Day one: Chicken boot camp

After much consideration (read: procrastination), at home chicken training has commenced!

Chicken Little is more interested in grooming, but Precious appears alert and ready for duty!

Chicken Little is more interested in grooming, but Precious appears alert and ready for duty!

Chickens Little, Precious and Squeak have been chosen from the mob for intensive training in important skills like counter-pecking, card reading and dragon-slaying.  Eventually, I hope to get their skills to a level where they will be able to support me in my dotage, working the casinos up and down the east coast.

It’s been hot today – too hot for Tasmanians, and possibly also for little black chickens.  Despite adverse conditions, and against all notions of common-sense, we decided to persevere.

The mountains of paper detritus teetering on our lounge room table were swept aside to make way for an old sheet, folded in four, which we draped across the tabletop.   The chosen chickens, who’d been busily vandalising the veggie patch, were captured, and brought inside to sit in a holding cage for a bit.   Squeak, who’d been panting in the heat all day, continued to do so, despite there being a full bowl of cold water directly in front of her.  Little engaged in a small act of chicken protest, sitting down on the floor of the cage and refusing to get up again.  Precious squawked irritably at the slightest provocation.  So did my partner.

I attempted to boost morale.  “Come on guys!  This is going to be fun!”

We’d decided to get the chickens out one by one.  Precious, seeming most at ease, was first on the table.  She froze, pupils dilated, and just stared at us.  I tried her on the black sunflower seeds I’d dropped in the metal measuring “treat” cup, and she attacked them with vigour.  However, she showed no signs of wanting to move anything from the neck down.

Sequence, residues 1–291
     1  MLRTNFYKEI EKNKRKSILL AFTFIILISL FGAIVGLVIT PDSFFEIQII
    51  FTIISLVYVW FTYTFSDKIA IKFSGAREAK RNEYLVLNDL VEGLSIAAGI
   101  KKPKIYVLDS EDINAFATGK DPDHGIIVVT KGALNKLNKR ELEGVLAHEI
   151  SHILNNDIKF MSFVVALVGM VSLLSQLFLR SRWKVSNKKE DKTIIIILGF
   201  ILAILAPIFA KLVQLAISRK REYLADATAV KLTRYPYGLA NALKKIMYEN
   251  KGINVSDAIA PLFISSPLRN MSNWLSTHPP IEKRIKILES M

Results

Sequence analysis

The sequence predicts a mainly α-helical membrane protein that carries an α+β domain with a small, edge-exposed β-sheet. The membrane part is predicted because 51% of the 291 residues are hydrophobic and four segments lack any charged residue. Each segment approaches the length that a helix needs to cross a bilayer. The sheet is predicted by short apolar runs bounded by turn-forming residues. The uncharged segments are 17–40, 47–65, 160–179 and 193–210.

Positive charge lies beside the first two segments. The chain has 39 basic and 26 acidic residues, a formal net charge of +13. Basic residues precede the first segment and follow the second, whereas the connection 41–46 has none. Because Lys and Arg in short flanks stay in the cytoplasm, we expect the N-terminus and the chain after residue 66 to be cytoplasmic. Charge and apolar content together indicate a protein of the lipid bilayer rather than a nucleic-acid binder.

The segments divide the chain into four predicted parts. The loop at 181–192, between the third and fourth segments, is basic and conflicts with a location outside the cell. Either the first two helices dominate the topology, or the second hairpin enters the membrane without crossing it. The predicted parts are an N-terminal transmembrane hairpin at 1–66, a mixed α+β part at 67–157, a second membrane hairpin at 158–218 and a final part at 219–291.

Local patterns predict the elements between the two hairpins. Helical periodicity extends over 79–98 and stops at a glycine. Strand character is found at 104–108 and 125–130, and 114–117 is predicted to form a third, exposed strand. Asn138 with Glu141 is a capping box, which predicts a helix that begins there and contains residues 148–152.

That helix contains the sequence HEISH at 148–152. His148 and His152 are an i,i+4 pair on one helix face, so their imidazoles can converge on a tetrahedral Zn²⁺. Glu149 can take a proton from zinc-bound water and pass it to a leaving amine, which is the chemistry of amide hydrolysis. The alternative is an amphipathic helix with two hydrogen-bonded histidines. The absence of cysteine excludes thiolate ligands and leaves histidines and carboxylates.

“Put her back in the cage.  Next!”

Next was Little.  Underneath her slick black plumage, Little was awash with dirt.  She’d been plucked from her blissful dustbath in my newly planted flower bed, and hadn’t had a chance to freshen up.  She shook herself a little, throwing soil everywhere, then sat down.  Black sunflower seeds would not rouse her.  She was implacable.

“Righto.  Get Squeak.”

Squeak was no better than her predecessors.  We decided to get them all out at once, and scatter a few seeds about, to make them feel comfortable.

This level of freak-out was hardly surprising.  The chickens only tend to come inside when we’ve left a door open, or occasionally to clean the kitchen floor, and they were certainly unused to sitting on the lounge room table.  Also, even in the house, it was still quite hot, and they like heat about as much as the average Tasmanian. And if that weren’t enough, there were two predator animals, with our beady eyes on the front, rather than the sides, of our heads, staring at them in what was probably an unnerving  fashion.

We decided just to leave them to hang out on the table for a while, pecking at the seeds in the treat cup, and getting used to the general household ambience.  Next time, they won’t get off so lightly.

I did a course with world renowned dog trainer Terry Ryan learning how to train chickens last year – to read details of my chicken whispering experiences at her training camps, click here.

 

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